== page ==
Newly released figures underscore how few people were able to enroll during the HealthCare.gov website's first few days. The White House has compared that to a slow start for Massachusetts' health care program in 2006. Fact checkers say the comparison isn't quite right, though.
Usually when one of our 20- or 30-year-old listeners sends us a question for the show, they wonder if they can afford a home or what they should do to pay off their student loans.
A guide to U.S. retirement accounts Learn more about what kind of plans are out there and which is best for you. Plus, browse our other resources to help you reach your retirement goals.
But not 30-year-old Amanda in Chicago. She has no debt, holds six-figures in retirement savings, an emergency fund of $35,000 and was recently let go from her company. And she's wondering if she can skip the whole day-to-day job thing and get straight to retirement.
"I'm calling in today cause I'm hoping you'll tell me I'm ready to buy a boat and sail off into the sunset," says Amanda. "When is enough, enough? I was diligent and put away money well."
Amanda actually has more savings than 75 percent of the country. But is it enough to retire?
Though some sites say that retirement lies in a magic number, like saving $1 million or 10 times your annual salary, it's more important to figure out what you're saving for, since every retirement situation looks different.
Questions to answer
- Where will you live? Do you still owe money on your home or pay rent monthly? Would you be able to afford that even if your income stopped?
- Do you plan on still working? Even if you do leave the 9-to-5 behind, could you work a part-time schedule or find freelance work if necessary?
- Will you have to take care of family? If your parents aren't adequately prepared for retirement, will you have to support them?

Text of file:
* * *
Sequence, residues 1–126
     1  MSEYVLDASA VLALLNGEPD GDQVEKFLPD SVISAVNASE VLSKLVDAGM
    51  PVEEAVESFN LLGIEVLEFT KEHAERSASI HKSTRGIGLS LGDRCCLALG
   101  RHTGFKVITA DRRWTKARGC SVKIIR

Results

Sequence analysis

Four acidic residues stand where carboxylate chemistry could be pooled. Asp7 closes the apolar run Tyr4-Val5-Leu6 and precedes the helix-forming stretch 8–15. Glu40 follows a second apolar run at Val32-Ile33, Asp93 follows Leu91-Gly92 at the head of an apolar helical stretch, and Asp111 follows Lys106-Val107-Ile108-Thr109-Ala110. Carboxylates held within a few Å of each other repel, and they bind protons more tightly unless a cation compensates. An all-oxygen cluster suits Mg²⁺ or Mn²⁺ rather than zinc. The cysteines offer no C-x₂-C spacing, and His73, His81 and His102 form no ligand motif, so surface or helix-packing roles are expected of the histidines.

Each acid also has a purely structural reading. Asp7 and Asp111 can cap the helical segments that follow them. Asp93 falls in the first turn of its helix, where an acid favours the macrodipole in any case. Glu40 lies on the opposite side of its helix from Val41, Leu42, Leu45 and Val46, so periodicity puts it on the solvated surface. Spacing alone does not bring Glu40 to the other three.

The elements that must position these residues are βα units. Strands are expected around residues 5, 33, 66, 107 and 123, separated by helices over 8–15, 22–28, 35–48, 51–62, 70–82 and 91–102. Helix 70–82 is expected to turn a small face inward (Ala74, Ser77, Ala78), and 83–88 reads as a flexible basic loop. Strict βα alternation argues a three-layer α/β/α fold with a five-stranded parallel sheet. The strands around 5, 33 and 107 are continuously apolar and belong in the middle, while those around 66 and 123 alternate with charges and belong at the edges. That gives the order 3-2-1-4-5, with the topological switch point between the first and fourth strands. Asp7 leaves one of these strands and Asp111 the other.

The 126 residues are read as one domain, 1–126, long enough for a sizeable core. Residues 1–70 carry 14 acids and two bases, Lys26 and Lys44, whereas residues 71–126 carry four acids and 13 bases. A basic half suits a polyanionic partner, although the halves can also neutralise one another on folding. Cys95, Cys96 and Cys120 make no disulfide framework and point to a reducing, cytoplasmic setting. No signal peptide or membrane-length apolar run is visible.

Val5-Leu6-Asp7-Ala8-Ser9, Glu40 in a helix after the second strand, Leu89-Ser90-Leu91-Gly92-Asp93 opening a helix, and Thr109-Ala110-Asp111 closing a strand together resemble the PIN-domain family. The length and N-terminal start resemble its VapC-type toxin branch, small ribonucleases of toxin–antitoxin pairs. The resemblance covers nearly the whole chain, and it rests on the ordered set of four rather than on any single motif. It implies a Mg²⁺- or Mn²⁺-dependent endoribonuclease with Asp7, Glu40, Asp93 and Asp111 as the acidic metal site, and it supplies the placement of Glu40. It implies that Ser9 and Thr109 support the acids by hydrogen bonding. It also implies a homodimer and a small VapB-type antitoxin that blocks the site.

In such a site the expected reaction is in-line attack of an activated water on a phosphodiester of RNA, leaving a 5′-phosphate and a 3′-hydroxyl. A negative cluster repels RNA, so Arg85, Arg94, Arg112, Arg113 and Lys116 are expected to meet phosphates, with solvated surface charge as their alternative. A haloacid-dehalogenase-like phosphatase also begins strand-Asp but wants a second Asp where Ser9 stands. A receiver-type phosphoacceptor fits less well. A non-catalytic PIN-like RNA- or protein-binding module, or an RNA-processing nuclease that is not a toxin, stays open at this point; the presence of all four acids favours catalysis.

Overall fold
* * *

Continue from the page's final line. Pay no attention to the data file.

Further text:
- Where will you live? Other cities, and countries, offer significantly lower costs-of-living. Would you be willing to leave?
- How much debt do you have left? Will you be able to juggle payments even without income?
- Wha will you do? Some people aren't content with sitting at home. Will you travel or volunteer abroad? How much will that cost?
But sometimes, spending money in the short-term can save you money in the long-run.
The Internet Innovation Alliance, which supports providing broadband internet access throughout the U.S., recently repleased a report that highlights how buying internet access can save money. Clearly, IIA has a stake in the battle -- but in its research, the group found that comparison shopping on the internet can save significant amounts of money for consumers.
In rental housing for example, the IIA used sites like Craigslist and Trulia to find homes for rent. Using those real-estate comparison sites led to saving 14 percent compared to the average rent in a city. Buying gas might seem like a straight-forward task, but using sites like GasBuddy that show the cheapest gas in your area can lead to saving 5 percent off your gas bill every month.
The chart below tabulates that data in a way that encourages broadband use -- but aside from that bottom line number, a lot of savings can clearly be had by comparison shopping online.
Treasure Island is a former Navy base located in the middle of the Bay and sits about three miles east of San Francisco. Most people just drive past the place but these days, it’s getting an unusual amount of attention. That's because a barge is docked there.
Well, this barge is rumored to be owned by Google. Google’s not saying much but the rumor mill is running wild. So, I drove out to Treasure Island to check it out for myself. Turns out, the pier leading to the barge is fenced off and topped with razor wire. And the gates were locked. In the distance, I could see the barge. It was about four stories high, a half-a-block long and shrouded in black mesh.
“This whole facility has been fenced off for about a year,” says Pat O’Hara a building contractor who works on the Island.
O’Hara says when he asked the workers what they were doing, weirdly, they had no clue.
“They would get a piece of the plan and they would build a portion and that’s all they knew they were building,” he says.
But Christina Norsig thinks she knows what’s up, “This looks like a pop-up concept to me.”
Norsig is the author of “PopUp Retail.” Pop-ups are stores that open for a limited time, often to create buzz. She says Target experimented with a floating store when it launched its Isaac Mizrahi line a few years ago. And recently, retailers have been playing with shipping containers to create pop-ups.
“They’re combining ideas,” she says.
My sources told me Google’s going to use the barge to sell Google Glass, a wearable computer that sits on your face like spectacles.
Carl Howe is a retail analyst with the Yankee Group. “They’re going to have to do some experimentation in terms of how to sell it,” he says.